A Message from Dr. Murray Grossman about COVID-19



Dear Friends,

COVID-19 is upon us. This is from the same family as one of the viruses that causes the common cold, so it spreads very easily; but the disease caused by COVID-19 can be much worse. While 80% of affected individuals have mild disease, about 15% have more severe disease that may require hospitalization. COVID-19 can be fatal for up to 5% of those affected.

While FTD is not generally considered to be an immunocompromised condition, GRN mutation carriers may face increased susceptibility to COVID-19. If we or our loved ones with FTD are 60 or older, we face increased risk for a more severe infection.

Some other circumstances may bring greater risk. If our loved ones live in a nursing facility, or face other chronic conditions, we need to pay special regard to their safety. Adhere closely to visitation guidelines or restrictions – whatever challenges they bring, they are for the safety of you, your loved one and for all in your community.

Irrespective of age, there is increased risk of exposure and spreading the COVID-19 infection through poor hygiene and increased social contact. The things that each of us should do to minimize the risk of spread include:

  • Washing hands for 20 seconds.
  • Keeping hands away from the face.
  • Maintaining a distance of 3 to 6 feet.
  • Coughing or sneezing into one’s elbow, and properly disposing of tissues.
  • Wiping frequently contacted surfaces with an alcohol-based cleanser.
  • Avoiding groups and crowded surroundings, including family gatherings and public transportation.

Communication around COVID-19 can be particularly challenging. People with FTD may be unable to communicate effectively that they are not feeling well. It may be difficult to convince them of the rationale for minimizing risk. Individuals with FTD may have difficulty remembering to wash their hands, or in regulating social distance. They may also have difficulty being empathetic or insightful enough to understand the risk that not adhering to these practices may pose for others.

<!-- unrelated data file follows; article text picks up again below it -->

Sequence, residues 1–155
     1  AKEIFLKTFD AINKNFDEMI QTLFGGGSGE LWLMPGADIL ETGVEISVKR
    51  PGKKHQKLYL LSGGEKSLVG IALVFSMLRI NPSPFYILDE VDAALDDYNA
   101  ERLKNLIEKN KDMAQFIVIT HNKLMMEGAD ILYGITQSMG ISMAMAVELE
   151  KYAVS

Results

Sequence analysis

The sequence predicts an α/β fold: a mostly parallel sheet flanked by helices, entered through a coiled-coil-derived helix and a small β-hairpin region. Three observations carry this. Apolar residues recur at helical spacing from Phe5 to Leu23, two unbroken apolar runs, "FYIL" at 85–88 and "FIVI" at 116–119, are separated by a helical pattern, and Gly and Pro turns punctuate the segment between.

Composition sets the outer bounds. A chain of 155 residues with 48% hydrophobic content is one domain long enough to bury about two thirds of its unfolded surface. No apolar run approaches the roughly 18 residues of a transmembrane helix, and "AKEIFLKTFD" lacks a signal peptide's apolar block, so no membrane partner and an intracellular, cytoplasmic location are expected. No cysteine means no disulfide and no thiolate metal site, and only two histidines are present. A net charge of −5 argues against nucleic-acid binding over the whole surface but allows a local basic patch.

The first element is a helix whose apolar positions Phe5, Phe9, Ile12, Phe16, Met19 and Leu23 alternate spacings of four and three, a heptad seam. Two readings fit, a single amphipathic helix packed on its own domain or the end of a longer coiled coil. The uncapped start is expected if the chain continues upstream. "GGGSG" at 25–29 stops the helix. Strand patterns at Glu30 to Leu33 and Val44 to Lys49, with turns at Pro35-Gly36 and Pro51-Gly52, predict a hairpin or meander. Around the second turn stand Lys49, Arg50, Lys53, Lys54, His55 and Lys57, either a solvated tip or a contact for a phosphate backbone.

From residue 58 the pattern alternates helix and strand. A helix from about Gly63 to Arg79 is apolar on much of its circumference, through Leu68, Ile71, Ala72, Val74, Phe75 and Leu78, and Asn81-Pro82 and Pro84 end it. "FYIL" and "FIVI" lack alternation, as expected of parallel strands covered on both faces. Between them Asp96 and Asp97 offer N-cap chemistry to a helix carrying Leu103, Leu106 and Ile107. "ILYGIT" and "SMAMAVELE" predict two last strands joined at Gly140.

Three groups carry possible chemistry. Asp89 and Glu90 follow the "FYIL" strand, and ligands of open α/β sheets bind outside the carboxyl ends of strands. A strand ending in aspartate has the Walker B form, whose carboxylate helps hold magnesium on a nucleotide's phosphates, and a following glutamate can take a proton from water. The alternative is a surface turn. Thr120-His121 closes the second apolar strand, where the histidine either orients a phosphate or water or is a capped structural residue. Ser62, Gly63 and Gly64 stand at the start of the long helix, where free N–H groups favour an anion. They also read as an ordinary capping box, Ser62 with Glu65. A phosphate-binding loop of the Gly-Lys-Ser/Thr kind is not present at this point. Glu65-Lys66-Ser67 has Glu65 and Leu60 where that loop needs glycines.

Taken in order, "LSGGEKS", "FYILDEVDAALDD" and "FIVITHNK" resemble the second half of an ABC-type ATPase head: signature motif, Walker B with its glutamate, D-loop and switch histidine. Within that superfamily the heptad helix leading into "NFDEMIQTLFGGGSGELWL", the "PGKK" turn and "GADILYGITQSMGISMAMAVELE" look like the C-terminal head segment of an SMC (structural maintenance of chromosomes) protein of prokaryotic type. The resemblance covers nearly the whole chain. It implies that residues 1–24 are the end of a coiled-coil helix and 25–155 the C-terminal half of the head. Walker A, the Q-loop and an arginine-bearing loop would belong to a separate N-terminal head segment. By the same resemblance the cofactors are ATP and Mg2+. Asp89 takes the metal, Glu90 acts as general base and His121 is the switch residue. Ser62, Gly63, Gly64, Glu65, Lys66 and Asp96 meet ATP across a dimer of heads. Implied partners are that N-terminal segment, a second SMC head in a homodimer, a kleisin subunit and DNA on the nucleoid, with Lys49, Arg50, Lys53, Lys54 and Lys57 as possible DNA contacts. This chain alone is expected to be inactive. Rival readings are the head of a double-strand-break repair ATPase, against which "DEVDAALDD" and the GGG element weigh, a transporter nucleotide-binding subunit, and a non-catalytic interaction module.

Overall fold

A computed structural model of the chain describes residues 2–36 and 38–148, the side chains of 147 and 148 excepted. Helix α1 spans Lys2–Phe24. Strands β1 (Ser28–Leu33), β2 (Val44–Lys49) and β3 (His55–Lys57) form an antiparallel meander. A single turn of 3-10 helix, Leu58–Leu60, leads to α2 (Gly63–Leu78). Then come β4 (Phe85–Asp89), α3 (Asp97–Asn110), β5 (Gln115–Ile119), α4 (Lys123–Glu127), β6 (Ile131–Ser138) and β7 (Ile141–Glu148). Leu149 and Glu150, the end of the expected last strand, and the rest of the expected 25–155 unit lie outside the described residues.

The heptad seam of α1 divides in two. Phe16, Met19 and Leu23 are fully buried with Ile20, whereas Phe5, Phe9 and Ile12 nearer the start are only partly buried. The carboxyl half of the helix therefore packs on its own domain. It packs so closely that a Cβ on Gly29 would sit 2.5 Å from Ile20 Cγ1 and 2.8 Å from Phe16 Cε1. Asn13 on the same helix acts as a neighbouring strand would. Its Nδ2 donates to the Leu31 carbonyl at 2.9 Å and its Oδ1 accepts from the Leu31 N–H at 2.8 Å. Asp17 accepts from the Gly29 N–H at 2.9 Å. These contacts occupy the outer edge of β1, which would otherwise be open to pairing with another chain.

While families and professional caregivers already have huge responsibilities, these obligations now increase because we have to be additionally mindful of helping our loved ones engage in good hygiene and social contact. Moreover, caregivers are at increased risk because of physical proximity, frequent contact, and the stress and burden that caregiving can bring.

All of these factors make it doubly important to engage in good practices to help protect those around us. Your thoughtfulness and vigilance in these challenging times will help protect those with FTD as well as caregivers, families, friends and acquaintances from COVID-19.

It is important to know that you’re not alone. Friends and family may be able to help if called upon. AFTD will be offering ongoing updates, and the organization’s private Facebook group can connect you with others who understand. Finally, AFTD’s HelpLine can offer guidance and assistance if you have additional questions.

Sincerely,

Murray Grossman, MDCM
AFTD Medical Advisory Council